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Published: Thursday, 3/21/2002

Marlin's quick rise is no surprise

Grandstand-ing:

  • Sterling Marlin, who began the season seeing red courtesy of a couple red-flag controversies that cost him dearly, has since become NASCAR's dominant driver, with two wins in the last three Winston Cup races. But it hasn't come out of the blue.

    Since affiliating himself with Chip Ganassi Racing and falling in with Dodge Intrepid crew chief Lee McCall, then something of an unknown, at the start of the 2001 season, Marlin has never been out of the top 10 in the point standings.

    Going back to last year, Marlin and McCall have posted eight straight top-10 finishes, either winning or finishing second in five of those races.

    That's downright Gordon-esque.

    Incidentally, Marlin credited Jeff Gordon with aiding and abetting his win last Sunday at Darlington.

    Starting 39th because his crew was forced to switch engines after qualifying, Marlin had moved into position to make hay when a pileup wiped out 14 cars on the 226th lap. Gordon dodged the wreckage and Marlin sneaked through on his bumper.

    “Gordon's really good about missing wrecks and I just followed him, “ Marlin said.

    By the end, though, as has been the case of late, the good old boys were all following Marlin past the checkered flag.

  • Bob Huggins has long claimed that his dream coaching job is at West Virginia, his alma mater and the program in which he first worked as an assistant coach.

    That job is open for the first time in many years, and WVU has received permission from Cincinnati to pursue the Bearcats' coach for what is sure to be a very stiff price.

    We imagine there are mixed emotions in Cincinnati.

    On one hand, Huggins built a powerhouse, the premier program in Conference USA and an annual entry in the NCAA Tournament.

    On the other hand, his team's virtually non-existent graduation rate has been an embarrassment to those UC supporters who still cling to that silly notion that universities, being academic institutions and all, should insist its athletes pursue degrees.

    Wonder where West Virginia's administration stands on that subject.

  • Last summer, LPGA player Laura Diaz suggested that the tour should better market its sex appeal. She may or may not have had the ultimate “skins game” in mind. Visitors to Playboy.com recently voted on which female pro golfer they'd most like to see in the rough - er, the buff - with Playboy magazine prepared to offer the winner a photo spread.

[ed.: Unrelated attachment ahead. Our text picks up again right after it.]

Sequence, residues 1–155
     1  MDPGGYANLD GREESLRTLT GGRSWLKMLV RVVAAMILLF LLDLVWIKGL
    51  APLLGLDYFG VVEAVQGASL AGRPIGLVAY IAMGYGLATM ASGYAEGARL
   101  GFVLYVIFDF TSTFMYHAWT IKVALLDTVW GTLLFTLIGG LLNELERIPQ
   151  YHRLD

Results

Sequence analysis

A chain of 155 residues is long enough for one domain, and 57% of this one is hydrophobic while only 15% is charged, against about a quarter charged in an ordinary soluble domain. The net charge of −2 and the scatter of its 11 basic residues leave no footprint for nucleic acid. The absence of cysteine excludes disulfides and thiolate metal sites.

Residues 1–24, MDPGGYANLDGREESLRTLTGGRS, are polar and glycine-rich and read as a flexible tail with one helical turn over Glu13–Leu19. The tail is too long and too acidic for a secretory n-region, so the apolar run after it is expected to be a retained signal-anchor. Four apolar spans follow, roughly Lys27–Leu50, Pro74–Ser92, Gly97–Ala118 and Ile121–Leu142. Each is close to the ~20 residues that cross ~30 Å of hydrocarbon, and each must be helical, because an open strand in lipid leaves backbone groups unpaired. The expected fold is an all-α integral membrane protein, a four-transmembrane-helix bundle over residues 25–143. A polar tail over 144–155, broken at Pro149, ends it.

Carin Koch topped the survey, but turned down the opportunity. The offer then went to Jill McGill, who finished second and, at last check, said she was still thinking it over. The 6-0 blonde might actually end up wearing little more than spikes, a golf glove and a smile.

    Move over Jan Stephenson and Laura Baugh. You were considered risque for your time, but times they are a changin'.

  • Speaking of golf, the proposed Major Champions Tour for major championship winners age 37-55 has reached a tentative agreement with Fox to televise its tournaments. It is tentative because the independent tour's formation, far from a done deal, is contingent on drawing enough big names who are willing to resign their PGA Tour memberships. It received a setback the other day when Greg Norman, perhaps the major drawing card in this age bracket, said he was unwilling to commit to the new tour.

  • It was a salary cap move, sure, but the Lions will suffer a setback on the field and take a major public relations hit off of it if Johnnie Morton, their most productive receiver the last several seasons, cannot be enticed to accept a new contract and return to the team. A player of his caliber must be awfully attractive to the expansion team in Houston.

  • Can't imagine why the NFL's competition committee is having such a difficult time getting a handle on the “tuck rule” and making the needed changes in its interpretation. But apparently they need our help. So here goes:

    IT WAS A FUMBLE!

    Dave Hackenberg is a Blade sports writer.



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